For a long time, Africa fought “the enemy” with all its might. Unfortunately, it didn’t invest in education and refinery factories for its natural resources hence the poverty of food and knowledge we are in. This has made transition to a new Africa quite challenging. In the midst of this, Europeans took from Africans, ideas and resources of value (to package/refine and sell them back to Africans). Africans simply choose to be consumers or gain from their own people’s weaknesses, limiting pro-activity and questioning wisdom. There was no preparation for power, as we were used to being controlled and subordinate. We are paying much for this, and realizing that we got a raw deal.
The current education system is breeding ground for false perceptions that do not magnify the realities of the world. Education has been the same formality for a long time, dealing with percentages and non-existent ideas. Africans haven’t taken the initiative to fit into the African dream. Education is only valuable if it serves the learner positively, developing her/him as an individual who’ll become an enterprising adult.
Africans can establish their own education system, which will impart to students, relevant information in a setting that is conducive to their needs.
For some sinister reason, Africa is linked with poor, cheap, useless, why? Look at the schools in ‘African’ residential areas. They are government-funded buildings with broken class windows, few books to no library and dusty playgrounds. They scream, “have not” from a distance and this is affirmed in the unkempt environment students are housed in. Instead of trying to prove and statement our capabilities, it would be better to act it out.
I have observed that what many African children bring forth is usually stagnant and non-inspirational. Any greatness they have is suppressed, for many Africans don’t think goodness is part of them. An average African child is exposed prematurely to street gossip, witchcraft tales and other nonsensical. Our fellow Asians and Europeans on the other hand have, from an early age, a grasp of geography, technology and economic matters. All groups are equally intelligent. The difference is the way they are raised, socialized and integrated into society. What solid lessons and legacies are left for African children? Yes, the stories of struggle are interesting but we need something beyond that, to equip us to make a mark. If we don’t acknowledge the role of education in transforming ourselves, we are likely to return to the servitude status Africans are synonymous with.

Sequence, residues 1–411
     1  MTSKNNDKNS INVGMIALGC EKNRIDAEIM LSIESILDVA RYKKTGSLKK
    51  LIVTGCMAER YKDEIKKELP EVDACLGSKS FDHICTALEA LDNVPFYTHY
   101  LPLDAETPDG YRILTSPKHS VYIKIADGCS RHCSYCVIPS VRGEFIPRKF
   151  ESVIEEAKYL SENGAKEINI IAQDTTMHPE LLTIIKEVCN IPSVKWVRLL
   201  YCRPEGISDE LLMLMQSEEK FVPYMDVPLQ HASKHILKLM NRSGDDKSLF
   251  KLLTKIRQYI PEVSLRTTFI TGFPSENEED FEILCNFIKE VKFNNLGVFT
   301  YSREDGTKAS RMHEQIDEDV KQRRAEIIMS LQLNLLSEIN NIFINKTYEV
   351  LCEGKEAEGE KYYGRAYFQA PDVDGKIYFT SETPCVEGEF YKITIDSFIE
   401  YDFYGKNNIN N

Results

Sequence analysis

A better education is one where Africans are exposed to technology and basic general knowledge from a young age, taught the about their culture and history. Self-assertiveness, confidence and discipline must also be instilled. This way, natural flair is polished and Africans will have groundwork to elevate themselves and integrate healthily into society without losing their identity.
African is a unique continent with it’s own history. It is possible to realise the dream that has sat like a heavy pumpkin in great minds. These changes to education aren’t far-fetched. Education isn’t just about a pencil case, neat books, uniforms and buildings with ‘sirs’ and ‘madams’ roaming about. It has to be a place for one to develop socially, intellectually and mentally, building a character to carry skills that one learns.
The system of cramming and pursuing percentage passes at the expense of actively learning is continuously costing us. We can carry pieces of paper that say we are intelligent (certificates), but lack the ability to navigate through life. Are you aware how many Africans struggle to make a simple decision? Can’t absorb basic human principles because of the effects of oppression? Education isn’t about getting through school but what you can do with what you have learnt. Education must be viewed holistically, as a piece that fits into a large life puzzle. Everything was created out of an identified need and manifested from a thought shared.